The basic terms that appeared in all the three periods were distributed in 6 of the 10 clusters (C1, C2, C3, C4, C5, and C10). Since Dublin Core is [End Page 172]

Figure 2. Visual display for the entire period (1997-2011)
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Figure 2.

Visual display for the entire period (1997-2011)

Table 3. Summary of the research periods investigation
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Table 3.

Summary of the research periods investigation

[End Page 173]

implemented and operated on the Web, it is natural that Web-related terms like Semantic Web, World Wide Web, Web resource, website, Web service, and Web mining show up in 5 of the clusters in figure 2.

Period I (1997-2001) MDS analysis

Figure 3 shows MDS analysis result for period I from 1997 to 2001. Both the stress value (0.02576) and R2 value (0.99834) indicate that the MDS analysis

Figure 3. : Visual display for period I (1997-2001)
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Figure 3.

: Visual display for period I (1997-2001)

[End Page 174]

result (see table 3) is good and acceptable. Six clusters were created for this period.

In figure 3, cluster C1 is characterized as Internet, resource, and description; C2 is characterized as retrieval, vocabulary control, description, and resources; C3 is characterized as standard; C4 is characterized as multimedia, description, and schema; C5 is characterized as bibliography, subject, multimedia, resources, Web, metadata structure, and creation; and C6 consists of Dublin Core and metadata. Points of interest for period I include the following:

  • • C4 and C5 include all multimedia related terms. C4 includes audiovisual library, multimedia, and MPEG-7; and C5 includes image and video.

  • • C2 and C5 cluster traditional information organization terms in library and information science. C5 includes subject gateway, subject heading, resource description, bibliographic control, bibliographic, record, EAD, bibliographic citation, and classification; and C2 contains abstracting, cataloguing, and controlled vocabulary.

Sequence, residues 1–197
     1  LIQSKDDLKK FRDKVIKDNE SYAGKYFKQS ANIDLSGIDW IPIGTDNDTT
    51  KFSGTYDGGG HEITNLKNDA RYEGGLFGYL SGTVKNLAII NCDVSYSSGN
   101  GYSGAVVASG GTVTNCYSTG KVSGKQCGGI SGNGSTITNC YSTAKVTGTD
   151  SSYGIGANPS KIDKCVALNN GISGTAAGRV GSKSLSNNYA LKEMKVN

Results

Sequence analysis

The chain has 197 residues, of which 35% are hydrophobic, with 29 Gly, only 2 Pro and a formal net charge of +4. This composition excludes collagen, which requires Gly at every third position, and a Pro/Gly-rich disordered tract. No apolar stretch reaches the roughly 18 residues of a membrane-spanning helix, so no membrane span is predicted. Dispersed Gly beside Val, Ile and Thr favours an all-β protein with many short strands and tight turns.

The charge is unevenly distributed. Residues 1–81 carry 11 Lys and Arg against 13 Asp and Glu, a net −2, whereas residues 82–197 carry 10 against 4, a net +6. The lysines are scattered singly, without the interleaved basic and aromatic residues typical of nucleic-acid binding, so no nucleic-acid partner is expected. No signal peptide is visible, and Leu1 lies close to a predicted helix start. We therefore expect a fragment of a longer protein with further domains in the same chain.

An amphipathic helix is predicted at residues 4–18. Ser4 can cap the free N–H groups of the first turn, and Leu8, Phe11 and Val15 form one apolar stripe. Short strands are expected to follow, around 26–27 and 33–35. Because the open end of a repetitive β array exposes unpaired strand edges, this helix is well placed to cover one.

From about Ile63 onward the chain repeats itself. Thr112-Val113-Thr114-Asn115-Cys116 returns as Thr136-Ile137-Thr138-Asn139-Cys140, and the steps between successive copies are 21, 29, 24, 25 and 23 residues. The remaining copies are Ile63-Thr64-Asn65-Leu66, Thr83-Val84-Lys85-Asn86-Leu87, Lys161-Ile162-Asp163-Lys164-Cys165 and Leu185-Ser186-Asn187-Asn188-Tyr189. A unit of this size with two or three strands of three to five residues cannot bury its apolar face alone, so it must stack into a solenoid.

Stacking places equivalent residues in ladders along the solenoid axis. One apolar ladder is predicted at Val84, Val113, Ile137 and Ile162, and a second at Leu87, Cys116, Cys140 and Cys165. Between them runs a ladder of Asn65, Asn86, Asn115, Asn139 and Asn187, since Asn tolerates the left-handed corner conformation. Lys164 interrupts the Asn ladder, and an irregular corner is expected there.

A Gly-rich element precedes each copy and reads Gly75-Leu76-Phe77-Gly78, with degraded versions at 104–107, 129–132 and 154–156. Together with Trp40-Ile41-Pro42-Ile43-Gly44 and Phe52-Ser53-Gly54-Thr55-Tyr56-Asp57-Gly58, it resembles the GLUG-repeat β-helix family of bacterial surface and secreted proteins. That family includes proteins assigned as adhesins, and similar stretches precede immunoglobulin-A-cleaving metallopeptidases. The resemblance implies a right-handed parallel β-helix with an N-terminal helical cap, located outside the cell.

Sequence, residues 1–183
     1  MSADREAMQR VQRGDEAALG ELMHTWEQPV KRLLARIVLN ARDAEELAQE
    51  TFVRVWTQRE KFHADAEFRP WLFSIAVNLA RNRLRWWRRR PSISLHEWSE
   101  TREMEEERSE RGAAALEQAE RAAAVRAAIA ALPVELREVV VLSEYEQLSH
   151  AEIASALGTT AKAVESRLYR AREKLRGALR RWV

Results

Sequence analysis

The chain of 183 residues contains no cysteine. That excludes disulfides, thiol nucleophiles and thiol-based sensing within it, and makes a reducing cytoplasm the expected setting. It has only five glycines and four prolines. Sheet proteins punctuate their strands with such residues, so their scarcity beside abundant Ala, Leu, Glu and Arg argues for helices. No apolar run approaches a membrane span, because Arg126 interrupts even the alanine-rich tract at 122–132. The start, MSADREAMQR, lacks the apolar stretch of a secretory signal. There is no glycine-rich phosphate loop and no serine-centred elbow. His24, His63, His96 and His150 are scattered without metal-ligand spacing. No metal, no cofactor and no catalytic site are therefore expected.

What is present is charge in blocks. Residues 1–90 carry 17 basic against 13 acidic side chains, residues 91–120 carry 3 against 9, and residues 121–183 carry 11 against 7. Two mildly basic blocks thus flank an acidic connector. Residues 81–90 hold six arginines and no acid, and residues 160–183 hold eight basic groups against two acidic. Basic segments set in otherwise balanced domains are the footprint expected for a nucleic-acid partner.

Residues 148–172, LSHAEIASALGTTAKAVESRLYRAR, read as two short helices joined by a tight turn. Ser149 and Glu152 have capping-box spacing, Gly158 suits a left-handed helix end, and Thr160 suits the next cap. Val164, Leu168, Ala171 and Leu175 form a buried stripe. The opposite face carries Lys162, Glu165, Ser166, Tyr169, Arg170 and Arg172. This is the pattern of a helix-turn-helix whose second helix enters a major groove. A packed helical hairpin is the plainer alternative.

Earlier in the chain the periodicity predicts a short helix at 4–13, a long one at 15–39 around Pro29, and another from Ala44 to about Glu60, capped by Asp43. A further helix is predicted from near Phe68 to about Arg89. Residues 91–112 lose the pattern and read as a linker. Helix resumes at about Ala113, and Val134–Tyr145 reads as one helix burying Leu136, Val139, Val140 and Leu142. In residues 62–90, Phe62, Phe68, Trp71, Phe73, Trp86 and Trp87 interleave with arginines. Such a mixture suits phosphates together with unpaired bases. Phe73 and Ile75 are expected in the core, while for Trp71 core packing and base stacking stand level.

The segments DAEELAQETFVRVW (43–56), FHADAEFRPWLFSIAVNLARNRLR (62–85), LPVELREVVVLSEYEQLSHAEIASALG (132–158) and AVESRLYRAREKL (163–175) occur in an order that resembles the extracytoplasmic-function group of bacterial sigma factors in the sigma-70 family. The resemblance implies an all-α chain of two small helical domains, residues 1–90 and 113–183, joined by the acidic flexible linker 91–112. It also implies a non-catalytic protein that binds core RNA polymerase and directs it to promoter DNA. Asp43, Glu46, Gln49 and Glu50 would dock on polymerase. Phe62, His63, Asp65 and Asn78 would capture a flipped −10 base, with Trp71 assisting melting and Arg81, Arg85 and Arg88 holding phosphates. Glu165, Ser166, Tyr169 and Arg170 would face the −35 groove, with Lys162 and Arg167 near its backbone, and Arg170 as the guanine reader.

• • Some terms appear only in period I. These include abstracting, resource discovery, and MeSH from C2 and all of C3 terms (SGML and Z39.50).

  • • Semantics emerges as a theme.

  • • Museum becomes the first metadata application domain (period I, C5).

Period II (2002-2006) MDS analysis

Figure 4 shows MDS analysis result for period II from 2002 to 2006. Both the stress value (0.02445) and R2 value (0.99857) from this data set indicate that the MDS analysis result is good. Seven clusters are created in this period.

Cluster C1 is characterized as semantic and digitization; C2 is characterized as application, ontology, and system; C3 is characterized as Web, ontology, retrieval, and standard; C4 is characterized as subject, bibliography, and application; C5 is characterized as application, process, bibliography, metadata creation, Web, and multimedia; C6 is characterized as retrieval and organization; and C7, like Period I, still consists of Dublin Core and metadata.

Key elements of period II are as follows:

  • • E-Government in C2 and health information in C5 emerge as new metadata application domains.

  • • Ontology, which covers knowledge representation and description, emerges as a theme. It indicates that Dublin Core research has moved to a new direction, which reveals sophisticated, complicated, and semantic relationships of the described objects.

  • • In this period, Dublin Core was widely applied to a variety of digital resources. As a result, issues related to Dublin Core implementation, creation, operation, and application such as metadata handling and quality control, open access, and interoperability with other information standards or protocols popped up.

  • • This was the booming period (2002-2006) of emerging research on Dublin Core for this study. [End Page 175]

Figure 4. : Visual display for period II (2002-2006)
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Figure 4.

: Visual display for period II (2002-2006)

[End Page 176]

Period III (2007-2011) MDS analysis

Figure 5 shows MDS analysis result for period III (2007- 2011). Both the stress value (0.04752) and R2 value (0.99436) indicate that the MDS analysis result (see table 3) is good and acceptable. Seven clusters are created for this period.

Cluster C1 is characterized as creation, management, and digitization; C2 is characterized as repository; C3 is characterized as standard, retrieval, description, and application; C4 is characterized as creation, retrieval, Web, standard, multimedia, and application; C5 is characterized as application, ontology, Web, and control; C6 is characterized as schema; and C7, like periods I and II, consists of Dublin Core and metadata.

Key points for period III include the following:

  • • A salient theme of institutional repository emerges. Other related terms to this theme include digital repository and DSpace. In fact, DSpace and institutional repository form a clear cluster (C2) in figure 5.

  • • This period represents a stable and mature phase of research on Dublin Core.